Daedra (/diː.dɹə/ or /deɪ.dɹə/) are a class of divine beings that did not take part in the creation of the Mundus, and thus retain the full breadth of their power. The word is of Aldmeri origin, and it originally means "not our ancestors" as opposed to Aedra - "ancestors". Technically, only the plural is written "Daedra", but this word is frequently used in singular as well. The proper singular form is "Daedroth", but that has come to refer to a specific species of Daedra. These creatures are often referred to as demons, but this is misleading. All Daedra have a penchant for extremes and are therefore capable of tremendous acts of devastation, but their different spheres make them apply their power in different ways, and their infinite diversity makes speaking about them generally difficult. Thus, it's often impossible to accurately label them as "good" or "evil"; the one thing that can be stated with certainty is the Daedra are beyond mortal comprehension (as mortals seem to be beyond Daedric comprehension).
Daedra come in many forms. Undoubtedly there are true Daedra, such as the Daedra Princes and highly intelligent Dremora. There are many lesser beings known to be in league with these greater powers, but whether each type constitutes actual Daedra is unknown.
A Daedroth's physical form can be ruined, but they cannot be truly killed; the soul or Animus of a slain Daedroth returns to the void of Oblivion until it manages to coalesce into a physical form again. A slain Daedra often said to have been "banished" or "purged" instead of "dead" to reflect this. Daedra are the undisputed masters of craftsmanship, creating seemingly indestructible armors and the mightiest of weapons through dark rituals. Daedric weaponry is said to be forged from the highest quality of raw ebony. The objects get their power from a Daedric soul forged into the ebony.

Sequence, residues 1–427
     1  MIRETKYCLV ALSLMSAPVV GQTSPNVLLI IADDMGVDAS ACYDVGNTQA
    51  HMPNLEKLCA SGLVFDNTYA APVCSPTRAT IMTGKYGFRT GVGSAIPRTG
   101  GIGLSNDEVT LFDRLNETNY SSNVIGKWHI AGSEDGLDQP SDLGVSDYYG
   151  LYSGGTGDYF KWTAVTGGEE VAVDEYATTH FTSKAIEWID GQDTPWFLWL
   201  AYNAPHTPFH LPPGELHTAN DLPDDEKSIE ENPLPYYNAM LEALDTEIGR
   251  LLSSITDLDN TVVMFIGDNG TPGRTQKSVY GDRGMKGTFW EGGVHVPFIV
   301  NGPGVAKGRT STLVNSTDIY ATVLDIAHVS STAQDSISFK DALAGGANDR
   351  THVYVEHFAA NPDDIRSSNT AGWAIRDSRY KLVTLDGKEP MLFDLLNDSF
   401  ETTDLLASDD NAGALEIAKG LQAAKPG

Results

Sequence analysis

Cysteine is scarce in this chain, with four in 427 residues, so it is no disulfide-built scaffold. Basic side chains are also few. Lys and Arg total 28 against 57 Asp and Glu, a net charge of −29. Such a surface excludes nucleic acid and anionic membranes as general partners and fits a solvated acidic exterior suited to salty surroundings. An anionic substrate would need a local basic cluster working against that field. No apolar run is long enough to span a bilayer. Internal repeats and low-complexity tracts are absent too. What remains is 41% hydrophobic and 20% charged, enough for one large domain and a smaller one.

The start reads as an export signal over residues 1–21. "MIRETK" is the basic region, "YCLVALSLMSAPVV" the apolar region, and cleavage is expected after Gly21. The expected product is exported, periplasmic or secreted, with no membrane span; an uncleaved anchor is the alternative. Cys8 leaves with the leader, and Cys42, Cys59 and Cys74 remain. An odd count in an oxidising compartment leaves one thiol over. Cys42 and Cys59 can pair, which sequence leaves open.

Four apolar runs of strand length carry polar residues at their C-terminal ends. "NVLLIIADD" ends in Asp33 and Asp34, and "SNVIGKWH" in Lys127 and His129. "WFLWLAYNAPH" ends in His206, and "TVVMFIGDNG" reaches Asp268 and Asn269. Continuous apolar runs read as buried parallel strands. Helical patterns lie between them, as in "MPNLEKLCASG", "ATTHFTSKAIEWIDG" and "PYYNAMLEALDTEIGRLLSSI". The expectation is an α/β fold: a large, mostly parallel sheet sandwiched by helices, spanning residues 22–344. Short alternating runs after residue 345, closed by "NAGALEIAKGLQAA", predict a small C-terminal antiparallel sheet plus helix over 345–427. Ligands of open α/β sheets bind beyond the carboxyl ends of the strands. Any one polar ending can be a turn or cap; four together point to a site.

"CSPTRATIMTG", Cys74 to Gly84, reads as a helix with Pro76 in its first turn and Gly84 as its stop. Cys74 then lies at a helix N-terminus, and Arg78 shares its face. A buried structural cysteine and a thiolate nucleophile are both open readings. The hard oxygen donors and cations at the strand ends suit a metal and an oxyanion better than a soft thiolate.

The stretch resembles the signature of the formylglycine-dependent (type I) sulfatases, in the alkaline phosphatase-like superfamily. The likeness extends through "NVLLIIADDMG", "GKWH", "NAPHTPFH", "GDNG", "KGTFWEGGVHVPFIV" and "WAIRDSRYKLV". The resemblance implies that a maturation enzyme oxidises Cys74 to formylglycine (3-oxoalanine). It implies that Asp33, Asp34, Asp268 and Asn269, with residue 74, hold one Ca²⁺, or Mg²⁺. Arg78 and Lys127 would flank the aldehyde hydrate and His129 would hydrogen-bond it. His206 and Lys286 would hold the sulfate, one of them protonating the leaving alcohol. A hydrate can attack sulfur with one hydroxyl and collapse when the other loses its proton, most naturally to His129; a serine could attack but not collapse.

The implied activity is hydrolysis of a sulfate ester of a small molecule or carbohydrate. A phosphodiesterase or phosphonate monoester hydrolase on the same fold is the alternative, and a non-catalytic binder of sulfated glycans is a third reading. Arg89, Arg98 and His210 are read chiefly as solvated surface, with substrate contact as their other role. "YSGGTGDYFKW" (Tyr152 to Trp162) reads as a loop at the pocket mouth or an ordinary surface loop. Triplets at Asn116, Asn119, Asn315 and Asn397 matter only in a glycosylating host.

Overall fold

Daedric Princes
Daedric Princes (sometimes referred to as Daedra Lords) are the most powerful of the Daedra, and thus most commonly worshipped as gods. Each has a particular sphere, which it is said to govern. Although Daedric Princes may assume a typically masculine or a typically feminine form, they have no inherent gender. They are usually referred to as Princes regardless of what gender they appear most frequently as. In all, there are 17 powerful Princes known to mortals: Azura, Boethiah, Clavicus Vile, Hermaeus Mora, Hircine, Jyggalag, Malacath, Mehrunes Dagon, Mephala, Meridia, Molag Bal, Namira, Nocturnal, Peryite, Sanguine, Sheogorath, and Vaermina. According to Mankar Camoran, Lorkhan is also a Daedric Prince, although this has never been confirmed.
Each Daedric Prince is said to have his own plane of Oblivion, suggesting there are sixteens such planes. However, other planes such as the Soul Cairn and the Chimera of Desolation are known to exist, and the limits on their planes, powers, and influence are not readily understood.
The Daedric Princes seem to view men and Elves as little more than minor amusements, occasionally applauding the actions of mortals when they exceed their expectations. They do not know the mortal sense of "good" and "evil", and usually have extremist tendencies, which is why Men and Mer fear them greatly. However, several princes do seem to take genuine pleasure in tremendous acts of devastation, in particular Boethiah, Molag Bal, Vaermina, Mehrunes Dagon and Peryite.